Last Wednesday—amid mounting skepticism of the Trump administration’s claim that it decided to kill Qassem Suleimani, Iran’s top general, to avert an “imminent” attack on US interests—US officials finally briefed members of Congress on the intelligence that led to the strike. At least, they were supposed to. According to one lawmaker who was present, the intel the administration shared “was no more secret than what could be found on Wikipedia”; Mike Lee, a Republican senator for Utah (and close ally of Trump), called the briefing “insulting and demeaning” and “probably the worst” he’s seen on a military matter. Rand Paul, also a Republican senator, said he didn’t learn anything “that I hadn’t seen in a newspaper already.”
On Friday, Trump updated his rationale for the strike. He did so via the media, not to Congress. In a sit-down interview hosted (of course) by Fox News, Laura Ingraham asked the president if the American people didn’t have a right to know what infrastructure Suleimani had been planning to target; Trump said they didn’t, but continued that “probably it was going to be the embassy in Baghdad.” Pressed again by Ingraham, he then dropped what sounded like a bombshell: “I can reveal that I believe it probably would’ve been four embassies.”
Trump’s answer demanded so many follow-up questions. (Chief among them: Is this actually true? and If so, why can you tell Fox but not Congress?) Ingraham didn’t ask them, but as the weekend progressed, other journalists did. Yesterday, Mark Esper, the defense secretary, and Robert O’Brien, the national security adviser, shared the job of defending Trump’s “four embassies” claim on the Sunday shows. As was the case with Secretary of State Mike Pompeo’s five-show tour last weekend, Esper and O’Brien’s answers were repetitive, and repeatedly unsatisfactory. On Jake Tapper’s CNN show, Esper was slippery—Trump “said he believed that they probably, that they could have been targeting the embassies in the region; I believe that as well,” Esper said. On Margaret Brennan’s CBS show, he appeared to slip up. “The president didn’t cite a specific piece of evidence,” Esper said. “Are you saying there wasn’t one?” Brennan asked; “I didn’t see one with regard to four embassies,” Esper replied. He continued that he shared the president’s “expectation” about a threat to embassies; still, his remark drove a critical news cycle yesterday, at one point topping the homepages of both the Times and the Post. (In print this morning, the Times says: “NARRATIVE SHIFTS AGAIN.”)
Trump’s interview with Ingraham was a shot in the arm for the Iran news cycle; it otherwise may have started to stall over the weekend amid an apparent de-escalation of tensions between DC and Tehran. The threat of conflagration remains very high, and there are still pressing strands of this story to unspool—not least Iran’s belated admission, on Saturday, that its military accidentally shot down a Ukrainian passenger jet, and the reaction to that news inside the country. Still, barring some sudden madness, we can probably expect Iran to slip down the news cycle this week. The Iowa caucuses are looming, as is Trump’s impeachment trial in the Senate. (As I wrote last week, the Iran and impeachment stories are intimately linked, but in the Trump era, thoughtful synthesis doesn’t always seem to be a top priority for the press.)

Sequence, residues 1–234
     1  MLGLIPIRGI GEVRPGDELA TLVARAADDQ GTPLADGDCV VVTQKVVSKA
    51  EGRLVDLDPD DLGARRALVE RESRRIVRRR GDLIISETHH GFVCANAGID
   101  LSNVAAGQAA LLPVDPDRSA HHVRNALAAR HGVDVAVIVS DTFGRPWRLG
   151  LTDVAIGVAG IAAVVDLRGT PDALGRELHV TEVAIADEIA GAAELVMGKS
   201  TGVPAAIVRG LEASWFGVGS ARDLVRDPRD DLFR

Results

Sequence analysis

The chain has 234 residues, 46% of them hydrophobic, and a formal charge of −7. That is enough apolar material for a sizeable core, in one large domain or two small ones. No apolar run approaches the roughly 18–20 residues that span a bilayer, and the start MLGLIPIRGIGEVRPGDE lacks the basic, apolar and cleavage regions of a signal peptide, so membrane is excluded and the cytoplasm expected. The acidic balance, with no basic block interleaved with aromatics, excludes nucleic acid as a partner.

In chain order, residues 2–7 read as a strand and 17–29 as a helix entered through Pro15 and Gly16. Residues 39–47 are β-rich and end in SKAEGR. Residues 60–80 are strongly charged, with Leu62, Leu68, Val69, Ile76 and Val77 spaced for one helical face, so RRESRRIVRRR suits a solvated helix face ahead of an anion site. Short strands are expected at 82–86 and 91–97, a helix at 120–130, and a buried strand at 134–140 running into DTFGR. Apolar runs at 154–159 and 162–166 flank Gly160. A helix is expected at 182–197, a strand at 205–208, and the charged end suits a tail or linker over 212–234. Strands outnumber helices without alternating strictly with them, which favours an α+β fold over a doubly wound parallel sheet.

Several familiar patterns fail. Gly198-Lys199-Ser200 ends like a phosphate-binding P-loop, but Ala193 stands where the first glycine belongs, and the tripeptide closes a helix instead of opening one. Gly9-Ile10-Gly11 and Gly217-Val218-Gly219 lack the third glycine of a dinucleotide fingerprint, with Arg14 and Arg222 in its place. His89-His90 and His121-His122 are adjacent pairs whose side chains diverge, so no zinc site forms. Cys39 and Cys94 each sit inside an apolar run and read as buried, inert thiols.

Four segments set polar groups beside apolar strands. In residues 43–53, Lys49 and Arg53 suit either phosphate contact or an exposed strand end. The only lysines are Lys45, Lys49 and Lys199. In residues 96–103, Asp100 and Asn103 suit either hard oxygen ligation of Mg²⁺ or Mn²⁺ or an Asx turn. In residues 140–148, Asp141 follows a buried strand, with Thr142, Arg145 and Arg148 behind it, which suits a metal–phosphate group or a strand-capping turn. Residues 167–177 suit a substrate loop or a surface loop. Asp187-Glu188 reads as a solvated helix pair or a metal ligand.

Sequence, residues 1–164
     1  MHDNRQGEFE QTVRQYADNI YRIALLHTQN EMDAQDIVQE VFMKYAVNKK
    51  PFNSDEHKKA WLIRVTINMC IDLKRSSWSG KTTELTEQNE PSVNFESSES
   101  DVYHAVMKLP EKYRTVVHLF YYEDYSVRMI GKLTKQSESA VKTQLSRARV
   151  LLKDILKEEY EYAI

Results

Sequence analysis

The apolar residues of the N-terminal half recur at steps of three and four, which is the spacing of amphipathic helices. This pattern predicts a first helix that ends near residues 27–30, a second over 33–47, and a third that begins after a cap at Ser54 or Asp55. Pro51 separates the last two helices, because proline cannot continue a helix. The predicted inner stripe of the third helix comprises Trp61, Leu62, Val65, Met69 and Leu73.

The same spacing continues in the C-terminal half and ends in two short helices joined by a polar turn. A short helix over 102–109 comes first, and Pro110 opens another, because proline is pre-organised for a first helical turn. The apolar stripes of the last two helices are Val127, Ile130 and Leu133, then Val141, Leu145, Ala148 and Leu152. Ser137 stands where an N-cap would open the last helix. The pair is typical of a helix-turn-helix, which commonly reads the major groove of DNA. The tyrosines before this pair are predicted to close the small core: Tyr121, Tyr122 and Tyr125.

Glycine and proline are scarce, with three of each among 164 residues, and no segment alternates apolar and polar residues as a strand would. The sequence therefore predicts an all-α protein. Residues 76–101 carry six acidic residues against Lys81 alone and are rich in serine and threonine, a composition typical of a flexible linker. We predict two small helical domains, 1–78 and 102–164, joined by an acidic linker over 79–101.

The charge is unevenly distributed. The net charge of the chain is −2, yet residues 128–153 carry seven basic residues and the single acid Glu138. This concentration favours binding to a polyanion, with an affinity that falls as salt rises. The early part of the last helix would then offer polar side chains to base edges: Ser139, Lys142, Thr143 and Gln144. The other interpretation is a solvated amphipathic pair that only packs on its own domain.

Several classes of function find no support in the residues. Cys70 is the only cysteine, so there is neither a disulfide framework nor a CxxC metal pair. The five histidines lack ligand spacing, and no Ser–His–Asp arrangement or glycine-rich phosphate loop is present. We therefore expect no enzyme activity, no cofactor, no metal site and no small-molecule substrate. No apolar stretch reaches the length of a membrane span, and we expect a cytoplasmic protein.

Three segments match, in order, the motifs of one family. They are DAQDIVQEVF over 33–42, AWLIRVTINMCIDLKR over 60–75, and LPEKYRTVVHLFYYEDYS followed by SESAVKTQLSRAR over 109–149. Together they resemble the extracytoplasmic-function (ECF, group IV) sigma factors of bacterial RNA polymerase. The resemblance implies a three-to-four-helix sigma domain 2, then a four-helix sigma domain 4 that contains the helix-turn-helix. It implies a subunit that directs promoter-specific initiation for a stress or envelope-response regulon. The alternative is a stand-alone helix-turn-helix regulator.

Before all that happens, it’s worth reflecting on the arc the Iran story has traced since the US killed Suleimani 10 days ago. Across that period, deep-rooted problems with our coverage of Iran, in particular, and war, in general, have come to the fore again. As Margaret Sullivan wrote for the Post last week, TV news still prioritizes bellicose voices over anti-war ones; as Andrew Lee Butters wrote for CJR, Iran coverage, on the whole, is still loaded with tropes that ignore the country’s complicated history, and elide the full extent of American meddling in it. (Interestingly, Tapper asked Democratic presidential candidate Tom Steyer yesterday whether Steyer traces the current conflict with Iran to the CIA-backed coup that deposed Iran’s then prime minister, Mohammad Mossadegh, in 1953. Sadly, the exchange didn’t really lead anywhere.) A big part of the problem is the relative lack of Iranian voices in our coverage. As H.A. Hellyer wrote for Foreign Policy, US media should look beyond just serving audiences at home. “The consequences of narrow Western thinking,” he wrote, are stark. “Like it or not, the West in general, and the United States in particular, has far more power in the Arab world than vice versa.”
Nonetheless, within the boundaries of such ossified assumptions about the US and Iran, coverage of recent tensions does seem to have exhibited a healthier skepticism than we’ve sometimes seen in the past. The specter of the media cheerleading that marked the march to war with Iraq has loomed large, often explicitly. Hard questions have been asked of US policymakers and their shifting rationale for killing Suleimani, not least this past weekend. And our sense of alarm, on the whole, has felt necessary. Yes, there was much uninformed Twitter panic, especially in the immediate, uncertain aftermath of the Suleimani strike. But this looked, for several days, like the sort of dangerous escalation we long feared we’d see under Trump. Taking it seriously—and challenging his administration’s dire informational record in the process—was a bare minimum.